Kôna trailer teases a supernatural mystery in the Canadian north


There are plenty of videogames made in Canada, but videogames set in Canada are a rare beast. Kôna looks like it will be one of them: It appears on the surfaceto be a vaguely Ethan Carter-esque investigative adventure, but it's set in 1970 in Atamipek Lake, a small village in the Great White North that's caught up in a dispute between the local Cree community and wealthy industrialist W. Hamilton.

Hamilton claims members of the Cree community have vandalized and robbed his summer home; the Cree say Hamilton is destroying sacred lands just to make a buck. You, as Korean War veteran turned private investigator Carl Faubert, agree to investigate—but Hamilton fails to meet you as planned when you arrive. And he's not the only one who's missing—the whole village appears to be deserted.

The trailer doesn't provide much insight into what Kôna is about beyond that very basic setup, nor how it will play, but the description at Konagame.com says it "combines the atmosphere and immersion of a modern survival title with the deep storytelling and puzzle-solving aspects of a traditional adventure game." The Steam Greenlight page reveals more: The emphasis is on exploration and investigation, but survival will be an issue as well, as players will have to deal with both "unexpected threats" and the harsh weather conditions. There will also be a Wendigo.

"While we can't say why it exists (to avoid spoilers), a Wendigo roams in the game," the developers wrote. "We have to make it clear though that this awesome half-beast is not there to cause useless jump scares (Kôna IS NOT a Slender-Like)."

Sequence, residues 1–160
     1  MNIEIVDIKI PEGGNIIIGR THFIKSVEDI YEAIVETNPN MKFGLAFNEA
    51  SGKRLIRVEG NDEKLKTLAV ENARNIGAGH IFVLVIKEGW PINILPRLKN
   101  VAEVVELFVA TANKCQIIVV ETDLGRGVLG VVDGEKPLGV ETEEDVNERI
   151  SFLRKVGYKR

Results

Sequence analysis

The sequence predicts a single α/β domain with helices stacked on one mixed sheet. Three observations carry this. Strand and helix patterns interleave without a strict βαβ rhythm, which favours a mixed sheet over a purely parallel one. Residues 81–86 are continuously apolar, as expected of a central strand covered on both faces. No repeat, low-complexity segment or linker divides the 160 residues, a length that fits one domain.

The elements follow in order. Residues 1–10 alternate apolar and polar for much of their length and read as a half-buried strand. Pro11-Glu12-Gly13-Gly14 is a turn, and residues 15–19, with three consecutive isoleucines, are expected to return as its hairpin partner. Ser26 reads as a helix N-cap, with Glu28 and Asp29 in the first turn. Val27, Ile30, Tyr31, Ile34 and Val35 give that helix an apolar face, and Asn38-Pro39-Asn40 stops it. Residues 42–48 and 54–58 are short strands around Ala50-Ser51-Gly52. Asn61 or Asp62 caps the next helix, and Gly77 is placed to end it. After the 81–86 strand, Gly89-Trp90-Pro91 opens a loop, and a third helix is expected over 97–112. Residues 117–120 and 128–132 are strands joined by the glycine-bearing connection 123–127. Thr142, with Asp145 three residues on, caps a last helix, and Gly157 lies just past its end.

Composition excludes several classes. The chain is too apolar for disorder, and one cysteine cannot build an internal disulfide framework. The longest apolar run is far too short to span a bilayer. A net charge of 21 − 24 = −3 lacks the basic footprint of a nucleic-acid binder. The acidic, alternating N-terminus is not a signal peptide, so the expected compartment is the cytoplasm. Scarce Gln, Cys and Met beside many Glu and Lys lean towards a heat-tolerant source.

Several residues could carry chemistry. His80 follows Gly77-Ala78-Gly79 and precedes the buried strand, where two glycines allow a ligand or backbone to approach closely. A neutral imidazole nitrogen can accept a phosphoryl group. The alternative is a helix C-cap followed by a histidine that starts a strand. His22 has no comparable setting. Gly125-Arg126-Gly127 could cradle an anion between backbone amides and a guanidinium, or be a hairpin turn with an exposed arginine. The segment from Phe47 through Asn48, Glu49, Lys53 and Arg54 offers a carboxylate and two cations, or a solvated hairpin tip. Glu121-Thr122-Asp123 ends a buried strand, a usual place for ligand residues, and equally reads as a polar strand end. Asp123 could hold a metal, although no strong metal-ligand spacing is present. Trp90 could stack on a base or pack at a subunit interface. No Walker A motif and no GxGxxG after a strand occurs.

Color me intrigued, as they say. The plan is to release Kôna over four episodes, each running one to two hours in length, with the first set to come out in January 2016. And because I know you're curious, Kôna, according to the Online Cree Dictionary, means "snow."

Andy Chalk

Andy has been gaming on PCs from the very beginning, starting as a youngster with text adventures and primitive action games on a cassette-based TRS80. From there he graduated to the glory days of Sierra Online adventures and Microprose sims, ran a local BBS, learned how to build PCs, and developed a longstanding love of RPGs, immersive sims, and shooters. He began writing videogame news in 2007 for The Escapist and somehow managed to avoid getting fired until 2014, when he joined the storied ranks of PC Gamer. He covers all aspects of the industry, from new game announcements and patch notes to legal disputes, Twitch beefs, esports, and Henry Cavill. Lots of Henry Cavill.